Trumped.

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A drop in stocks and gains in haven assets like the yen and gold are textbook knee-jerk reactions to unexpected events, but once they sit down and think more clearly markets will need to consider long-term issues such as protectionism and inflation as potential dangers and a pro-growth agenda as a potential benefit when they address what a Trump Presidency may mean.

Short term

In the very short term, stock markets have opened lower given the uncertainty posed by an outsider candidate unexpectedly becoming America’s Commander-in-Chief.

Investors will also be aware of the historical patterns which show the Dow Jones Industrials has fallen by an average of 1.2% in the first year of a Republican President since 1945. In addition, the US benchmark has fallen on all four occasions in the 12 months after the White House has passed from Democratic to Republican control.

One potential straw at which markets will clutch is that the volatility may persuade a knock-kneed US Federal Reserve not to raise interest rates at its next meeting on 14 December – the central bank has already cited financial market ructions as a reason for standing pat on more than one occasion this year.

Long term

On the plus side, markets would have usually welcomed a President whose agenda includes Corporation Tax cuts and a substantial (if still vague) infrastructure investment programme, as both could boost a US economy which still appears to be stuck at stall speed.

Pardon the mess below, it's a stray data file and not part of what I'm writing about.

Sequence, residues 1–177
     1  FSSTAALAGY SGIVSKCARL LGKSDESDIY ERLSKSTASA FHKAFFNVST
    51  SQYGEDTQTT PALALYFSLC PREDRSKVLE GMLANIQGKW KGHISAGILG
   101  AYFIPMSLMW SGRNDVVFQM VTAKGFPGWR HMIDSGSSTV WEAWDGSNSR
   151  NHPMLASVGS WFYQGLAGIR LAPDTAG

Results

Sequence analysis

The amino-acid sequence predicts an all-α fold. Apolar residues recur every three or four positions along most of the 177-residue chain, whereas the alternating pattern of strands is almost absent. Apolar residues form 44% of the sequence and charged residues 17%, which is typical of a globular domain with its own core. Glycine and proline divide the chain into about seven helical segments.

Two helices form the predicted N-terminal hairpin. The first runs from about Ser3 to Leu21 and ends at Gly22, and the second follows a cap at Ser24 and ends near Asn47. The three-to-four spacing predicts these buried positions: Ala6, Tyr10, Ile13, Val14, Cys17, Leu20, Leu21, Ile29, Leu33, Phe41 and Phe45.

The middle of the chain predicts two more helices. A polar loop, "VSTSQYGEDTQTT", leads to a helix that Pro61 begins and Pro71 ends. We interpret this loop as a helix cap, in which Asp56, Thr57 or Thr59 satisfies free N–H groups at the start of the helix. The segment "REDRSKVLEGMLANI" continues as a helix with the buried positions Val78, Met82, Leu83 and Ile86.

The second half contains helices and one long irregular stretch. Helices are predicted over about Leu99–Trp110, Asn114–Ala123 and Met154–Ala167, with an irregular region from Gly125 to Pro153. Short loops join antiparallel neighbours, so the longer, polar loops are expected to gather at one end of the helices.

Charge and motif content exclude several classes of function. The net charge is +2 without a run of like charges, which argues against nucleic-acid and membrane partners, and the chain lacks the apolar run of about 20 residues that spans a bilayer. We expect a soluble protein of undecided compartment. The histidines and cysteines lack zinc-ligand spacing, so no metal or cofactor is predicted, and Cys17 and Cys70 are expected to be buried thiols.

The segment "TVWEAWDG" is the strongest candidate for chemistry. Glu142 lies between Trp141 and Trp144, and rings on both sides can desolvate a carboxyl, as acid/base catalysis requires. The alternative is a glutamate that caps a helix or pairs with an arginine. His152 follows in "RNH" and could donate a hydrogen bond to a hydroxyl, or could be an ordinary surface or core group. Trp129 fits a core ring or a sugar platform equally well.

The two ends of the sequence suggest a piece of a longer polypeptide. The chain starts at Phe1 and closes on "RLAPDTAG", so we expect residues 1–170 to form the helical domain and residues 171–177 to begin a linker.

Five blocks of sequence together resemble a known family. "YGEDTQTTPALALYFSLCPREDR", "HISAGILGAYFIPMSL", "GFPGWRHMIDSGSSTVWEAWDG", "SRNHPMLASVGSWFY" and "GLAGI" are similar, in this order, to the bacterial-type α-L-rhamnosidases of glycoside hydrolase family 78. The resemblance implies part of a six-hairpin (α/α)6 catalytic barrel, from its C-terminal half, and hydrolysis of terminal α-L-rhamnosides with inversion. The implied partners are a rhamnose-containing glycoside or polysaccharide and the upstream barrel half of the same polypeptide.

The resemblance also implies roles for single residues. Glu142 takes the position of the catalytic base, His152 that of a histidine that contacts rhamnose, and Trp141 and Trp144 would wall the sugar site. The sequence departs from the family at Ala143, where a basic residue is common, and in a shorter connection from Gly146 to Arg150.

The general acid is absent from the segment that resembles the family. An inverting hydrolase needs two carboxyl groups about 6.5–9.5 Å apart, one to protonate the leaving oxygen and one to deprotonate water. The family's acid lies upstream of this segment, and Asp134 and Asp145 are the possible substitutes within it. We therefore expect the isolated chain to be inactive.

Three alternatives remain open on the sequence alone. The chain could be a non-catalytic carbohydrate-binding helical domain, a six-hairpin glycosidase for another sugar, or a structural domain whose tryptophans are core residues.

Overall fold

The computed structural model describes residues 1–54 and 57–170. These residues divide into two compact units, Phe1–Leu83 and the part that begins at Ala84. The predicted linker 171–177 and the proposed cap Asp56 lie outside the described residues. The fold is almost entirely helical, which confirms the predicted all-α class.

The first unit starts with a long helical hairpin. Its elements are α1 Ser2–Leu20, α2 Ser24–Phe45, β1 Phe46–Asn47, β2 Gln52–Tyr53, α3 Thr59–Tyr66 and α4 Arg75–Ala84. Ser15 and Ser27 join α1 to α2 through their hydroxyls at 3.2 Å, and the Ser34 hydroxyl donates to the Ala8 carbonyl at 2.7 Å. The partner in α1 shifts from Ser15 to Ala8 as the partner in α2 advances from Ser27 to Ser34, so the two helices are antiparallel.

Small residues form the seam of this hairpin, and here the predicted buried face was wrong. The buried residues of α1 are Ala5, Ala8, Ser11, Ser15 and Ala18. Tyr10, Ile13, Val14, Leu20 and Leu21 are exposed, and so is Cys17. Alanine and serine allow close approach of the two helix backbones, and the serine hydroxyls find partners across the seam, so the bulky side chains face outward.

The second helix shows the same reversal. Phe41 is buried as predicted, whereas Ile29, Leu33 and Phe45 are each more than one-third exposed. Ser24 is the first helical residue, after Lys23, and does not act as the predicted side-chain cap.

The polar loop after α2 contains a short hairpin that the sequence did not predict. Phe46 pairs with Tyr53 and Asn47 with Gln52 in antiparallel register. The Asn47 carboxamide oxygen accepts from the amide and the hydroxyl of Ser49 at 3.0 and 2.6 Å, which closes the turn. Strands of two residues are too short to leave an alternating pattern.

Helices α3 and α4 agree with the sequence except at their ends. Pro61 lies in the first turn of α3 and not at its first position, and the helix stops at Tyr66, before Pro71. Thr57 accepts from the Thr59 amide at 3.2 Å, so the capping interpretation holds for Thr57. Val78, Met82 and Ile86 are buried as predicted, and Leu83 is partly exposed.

In addition, if Trump really does try to pursue some of the more extreme policies outlined during his campaign, he still has to get them through both the House of Representatives and the Senate. And since he is by no means a classical Republican – and seems to have a poor relationship with House leader Paul Ryan – any more outlandish plans could be blocked on Capitol Hill.

The biggest long-term downside risk is posed by Trump’s protectionist, even isolationist stance, for two reasons.

First, economists agree on very few things but one point of consensus seems to be that the introduction of tariffs in the 1930s made a difficult situation an awful lot worse than it would have been otherwise. There is already clear evidence of slowing international trade flows and tariffs would be a further burden on this front.

Second, tariffs and protectionism are inherently inflationary. Rolling back the disinflation prompted by two decades of global supply chain management would spook bond markets and potentially mean central banks have to take interest rates higher more quickly than expected. The Fed may therefore pause in December but could find itself playing catch-up, if Trump does impose tariffs on imports from Asia, Latin America and Europe – a prospect which is likely to weigh on emerging market stocks particularly heavily today.

Overreacting to short-term market movements is rarely a good idea, we continue to adopt longer-term diversified investment strategies to cater for a range of possible political, market and economic scenarios, with inflation, deflation or stagflation all still potential outcomes.